Plans to make people in Scotland who are made bankrupt pay debts for four years rather than three will lead to "increased human misery" for people in financial crisis, debt advice groups are warning.

Members of the Scottish Parliament (MSPs) will discuss a new bill on Wednesday which aims to reform the country's bankruptcy legislation. (If you've financial worries, see our Debt Advice guide for tips.)

But groups including StepChange Debt Charity, Christians Against Poverty, Money Advice Scotland, Citizens Advice and Glasgow's Govan Law Centre have teamed up to campaign against plans to force debtors to make an extra 12 months of payments to their creditors. This would see them pay more than in other parts of the UK.

Across the UK, bankruptcy usually lasts for a year. In Scotland, you may be expected to make regular contributions to your debts for up to three years. The Scottish Government wants to extend this period to four years.

The Scottish TUC, Church of Scotland and the Law Society of Scotland have also joined the protest against clause four of the Bankruptcy and Debt Advice (Scotland) Bill.

"Longer payment periods result in more defaults, and increased human misery for those seeking rehabilitation from personal financial crisis," they warn in a letter in today's Herald newspaper, calling on MSPs to reject the clause.

"Now is not the time to make debtors pay more in Scotland."

Martin Lewis
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'Ill-considered and ill-advised'

Mike Dailly of Govan Law Centre calls the change "ill-considered and-ill advised".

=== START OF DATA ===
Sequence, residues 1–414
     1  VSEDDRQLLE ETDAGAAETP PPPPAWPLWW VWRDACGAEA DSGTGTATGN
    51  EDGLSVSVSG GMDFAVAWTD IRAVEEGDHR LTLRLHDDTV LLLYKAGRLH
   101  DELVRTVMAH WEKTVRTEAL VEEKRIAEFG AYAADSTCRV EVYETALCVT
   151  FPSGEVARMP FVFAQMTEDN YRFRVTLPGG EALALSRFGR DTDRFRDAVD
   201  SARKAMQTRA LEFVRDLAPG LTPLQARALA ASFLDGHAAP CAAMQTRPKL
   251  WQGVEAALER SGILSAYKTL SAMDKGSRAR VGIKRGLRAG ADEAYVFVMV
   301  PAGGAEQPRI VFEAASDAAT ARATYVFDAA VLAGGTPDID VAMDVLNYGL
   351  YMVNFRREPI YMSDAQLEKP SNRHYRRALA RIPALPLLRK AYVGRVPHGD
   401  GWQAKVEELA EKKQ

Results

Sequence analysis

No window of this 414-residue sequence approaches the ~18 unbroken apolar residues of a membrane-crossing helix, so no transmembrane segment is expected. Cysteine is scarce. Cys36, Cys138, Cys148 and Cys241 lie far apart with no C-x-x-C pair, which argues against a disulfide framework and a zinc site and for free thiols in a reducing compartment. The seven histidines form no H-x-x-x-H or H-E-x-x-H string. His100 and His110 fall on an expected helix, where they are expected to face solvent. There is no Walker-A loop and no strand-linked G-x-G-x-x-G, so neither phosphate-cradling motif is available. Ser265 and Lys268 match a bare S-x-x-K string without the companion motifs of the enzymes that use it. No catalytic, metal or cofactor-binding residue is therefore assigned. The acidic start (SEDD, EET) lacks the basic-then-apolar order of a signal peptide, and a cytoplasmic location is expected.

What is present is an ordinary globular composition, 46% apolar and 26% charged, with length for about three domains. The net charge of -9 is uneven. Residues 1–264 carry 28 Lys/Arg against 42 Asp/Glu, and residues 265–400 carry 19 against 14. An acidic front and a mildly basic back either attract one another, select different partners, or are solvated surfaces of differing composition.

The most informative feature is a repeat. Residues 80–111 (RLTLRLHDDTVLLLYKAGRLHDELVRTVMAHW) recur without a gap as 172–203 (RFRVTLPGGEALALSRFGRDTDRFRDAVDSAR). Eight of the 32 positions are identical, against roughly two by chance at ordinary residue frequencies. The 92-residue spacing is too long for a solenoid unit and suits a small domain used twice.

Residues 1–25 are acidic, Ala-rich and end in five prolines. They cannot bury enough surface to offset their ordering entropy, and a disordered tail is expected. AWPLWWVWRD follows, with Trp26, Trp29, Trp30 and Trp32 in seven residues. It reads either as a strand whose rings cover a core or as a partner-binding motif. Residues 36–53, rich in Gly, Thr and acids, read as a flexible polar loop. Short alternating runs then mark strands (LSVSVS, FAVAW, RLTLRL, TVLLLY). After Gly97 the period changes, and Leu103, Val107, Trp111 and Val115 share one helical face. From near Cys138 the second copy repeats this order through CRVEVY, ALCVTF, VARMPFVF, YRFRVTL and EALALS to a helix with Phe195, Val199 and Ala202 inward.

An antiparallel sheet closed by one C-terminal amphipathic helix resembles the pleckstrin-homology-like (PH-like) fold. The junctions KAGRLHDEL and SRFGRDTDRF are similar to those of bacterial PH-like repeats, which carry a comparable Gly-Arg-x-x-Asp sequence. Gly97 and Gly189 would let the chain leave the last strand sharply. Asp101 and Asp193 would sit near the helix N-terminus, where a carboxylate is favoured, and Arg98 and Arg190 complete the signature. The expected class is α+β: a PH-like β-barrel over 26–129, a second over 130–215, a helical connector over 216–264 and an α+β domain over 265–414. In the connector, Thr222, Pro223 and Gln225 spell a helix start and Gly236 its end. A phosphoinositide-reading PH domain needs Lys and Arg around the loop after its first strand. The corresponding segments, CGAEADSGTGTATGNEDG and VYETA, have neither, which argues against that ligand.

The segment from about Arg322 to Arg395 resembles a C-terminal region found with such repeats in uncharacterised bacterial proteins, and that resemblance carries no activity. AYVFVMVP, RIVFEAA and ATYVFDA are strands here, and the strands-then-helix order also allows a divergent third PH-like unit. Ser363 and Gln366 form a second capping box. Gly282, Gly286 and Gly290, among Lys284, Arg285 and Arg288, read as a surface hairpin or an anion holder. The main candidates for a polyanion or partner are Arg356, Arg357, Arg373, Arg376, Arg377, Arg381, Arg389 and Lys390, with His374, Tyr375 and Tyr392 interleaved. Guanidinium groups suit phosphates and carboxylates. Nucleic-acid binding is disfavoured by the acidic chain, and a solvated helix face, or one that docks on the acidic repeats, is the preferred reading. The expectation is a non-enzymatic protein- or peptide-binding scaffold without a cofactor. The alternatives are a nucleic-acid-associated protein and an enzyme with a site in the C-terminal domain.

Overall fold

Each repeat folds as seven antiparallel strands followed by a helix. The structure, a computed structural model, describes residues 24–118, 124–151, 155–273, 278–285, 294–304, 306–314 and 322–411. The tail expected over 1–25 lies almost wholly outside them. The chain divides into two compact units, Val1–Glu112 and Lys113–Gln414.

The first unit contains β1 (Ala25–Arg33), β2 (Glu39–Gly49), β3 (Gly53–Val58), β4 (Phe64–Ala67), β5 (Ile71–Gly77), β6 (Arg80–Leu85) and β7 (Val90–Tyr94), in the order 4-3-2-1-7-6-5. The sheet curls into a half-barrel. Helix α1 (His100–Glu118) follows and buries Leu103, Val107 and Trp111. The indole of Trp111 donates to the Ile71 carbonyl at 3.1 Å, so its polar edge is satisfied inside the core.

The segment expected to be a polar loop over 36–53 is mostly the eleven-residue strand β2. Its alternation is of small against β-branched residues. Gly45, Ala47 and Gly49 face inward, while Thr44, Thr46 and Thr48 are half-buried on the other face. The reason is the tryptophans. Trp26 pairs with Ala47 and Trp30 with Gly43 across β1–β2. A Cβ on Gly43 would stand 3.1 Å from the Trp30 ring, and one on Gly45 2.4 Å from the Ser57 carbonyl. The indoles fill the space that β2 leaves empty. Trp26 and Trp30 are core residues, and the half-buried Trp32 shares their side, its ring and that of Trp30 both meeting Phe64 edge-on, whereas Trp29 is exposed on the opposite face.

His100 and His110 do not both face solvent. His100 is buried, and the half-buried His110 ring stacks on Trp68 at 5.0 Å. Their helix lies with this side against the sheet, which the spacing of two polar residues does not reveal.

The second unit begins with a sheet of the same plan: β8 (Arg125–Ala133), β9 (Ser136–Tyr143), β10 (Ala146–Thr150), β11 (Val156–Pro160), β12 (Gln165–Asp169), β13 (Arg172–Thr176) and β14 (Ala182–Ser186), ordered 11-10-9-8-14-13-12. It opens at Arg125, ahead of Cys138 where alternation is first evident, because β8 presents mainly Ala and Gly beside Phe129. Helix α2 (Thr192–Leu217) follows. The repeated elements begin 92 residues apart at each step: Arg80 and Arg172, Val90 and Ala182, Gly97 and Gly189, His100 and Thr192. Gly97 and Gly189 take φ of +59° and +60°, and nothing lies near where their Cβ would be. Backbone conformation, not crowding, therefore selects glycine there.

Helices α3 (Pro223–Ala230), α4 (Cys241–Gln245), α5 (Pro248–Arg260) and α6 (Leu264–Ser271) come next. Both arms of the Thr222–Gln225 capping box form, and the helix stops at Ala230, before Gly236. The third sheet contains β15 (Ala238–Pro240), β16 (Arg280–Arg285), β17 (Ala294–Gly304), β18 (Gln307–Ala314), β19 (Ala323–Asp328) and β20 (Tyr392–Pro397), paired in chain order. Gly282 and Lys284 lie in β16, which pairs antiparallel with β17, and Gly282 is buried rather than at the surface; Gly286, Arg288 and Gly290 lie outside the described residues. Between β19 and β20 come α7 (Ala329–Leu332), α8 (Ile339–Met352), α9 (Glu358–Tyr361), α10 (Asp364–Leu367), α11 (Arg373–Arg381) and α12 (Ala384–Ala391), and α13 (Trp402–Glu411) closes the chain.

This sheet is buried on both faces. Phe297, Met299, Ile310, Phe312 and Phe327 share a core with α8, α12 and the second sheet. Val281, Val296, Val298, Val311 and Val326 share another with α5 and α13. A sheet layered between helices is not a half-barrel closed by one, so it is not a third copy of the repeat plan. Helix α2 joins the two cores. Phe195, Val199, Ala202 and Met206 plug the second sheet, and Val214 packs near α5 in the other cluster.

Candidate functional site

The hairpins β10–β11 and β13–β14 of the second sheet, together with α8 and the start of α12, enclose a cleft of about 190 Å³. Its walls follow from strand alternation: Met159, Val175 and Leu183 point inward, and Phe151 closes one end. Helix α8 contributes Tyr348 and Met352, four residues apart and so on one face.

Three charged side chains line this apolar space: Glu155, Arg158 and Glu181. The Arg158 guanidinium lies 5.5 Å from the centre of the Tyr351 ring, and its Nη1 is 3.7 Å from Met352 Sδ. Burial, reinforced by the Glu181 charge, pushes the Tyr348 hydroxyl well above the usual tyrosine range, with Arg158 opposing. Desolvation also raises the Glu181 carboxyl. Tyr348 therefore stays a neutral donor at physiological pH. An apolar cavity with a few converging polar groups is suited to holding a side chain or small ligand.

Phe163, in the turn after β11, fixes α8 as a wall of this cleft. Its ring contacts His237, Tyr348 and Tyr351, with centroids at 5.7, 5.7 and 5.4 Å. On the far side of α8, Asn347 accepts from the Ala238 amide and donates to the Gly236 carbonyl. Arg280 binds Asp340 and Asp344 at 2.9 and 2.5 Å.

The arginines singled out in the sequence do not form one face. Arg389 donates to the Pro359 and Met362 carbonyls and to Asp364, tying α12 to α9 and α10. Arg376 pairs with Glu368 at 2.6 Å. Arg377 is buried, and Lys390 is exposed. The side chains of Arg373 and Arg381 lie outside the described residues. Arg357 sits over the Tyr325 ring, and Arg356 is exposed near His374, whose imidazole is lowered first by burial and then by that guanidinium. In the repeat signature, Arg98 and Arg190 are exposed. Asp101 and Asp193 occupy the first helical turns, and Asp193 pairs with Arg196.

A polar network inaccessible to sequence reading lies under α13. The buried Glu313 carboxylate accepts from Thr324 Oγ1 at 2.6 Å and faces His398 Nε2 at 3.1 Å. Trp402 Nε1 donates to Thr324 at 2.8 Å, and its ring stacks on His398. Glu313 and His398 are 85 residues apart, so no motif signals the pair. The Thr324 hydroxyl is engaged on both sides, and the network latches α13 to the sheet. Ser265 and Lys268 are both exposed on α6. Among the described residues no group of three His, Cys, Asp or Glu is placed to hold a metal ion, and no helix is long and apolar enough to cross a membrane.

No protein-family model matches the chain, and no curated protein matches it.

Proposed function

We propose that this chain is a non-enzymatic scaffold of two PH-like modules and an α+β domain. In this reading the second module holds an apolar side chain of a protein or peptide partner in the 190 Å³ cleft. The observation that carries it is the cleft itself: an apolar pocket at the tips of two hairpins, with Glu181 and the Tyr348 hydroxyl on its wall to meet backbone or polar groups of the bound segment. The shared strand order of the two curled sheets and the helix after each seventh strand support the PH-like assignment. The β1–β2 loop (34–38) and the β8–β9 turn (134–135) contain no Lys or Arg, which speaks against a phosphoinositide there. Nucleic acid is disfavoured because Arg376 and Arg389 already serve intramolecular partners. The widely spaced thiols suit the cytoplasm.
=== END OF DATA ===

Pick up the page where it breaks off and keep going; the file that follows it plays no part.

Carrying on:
"It will mean Scots have to pay longer than anyone else in the UK," he adds.

"You are expecting people to live without disposable income, with only enough to pay essentials. Long term, that is unsustainable as cars break down, shoes need replacing, kids require new school clothes and boilers need replacing.

"Why is Scotland's government proposing to punish debtors when we ought to help them?"

A Scottish Government spokesperson says: "We consulted on this proposal and the majority of stakeholders who expressed a preference preferred a longer contribution period for bankruptcy of five years.

"In selecting a four-year payment period, the Scottish Government, as with other areas covered by this new bill, has aimed to seek a balance between the needs of debtors and the needs of creditors."

But Mike Dailly disputes the claim that most respondents to the Scottish Government's consultation backed the change. He says "an overwhelming majority" - 75% of respondents - believed there was no need for change.

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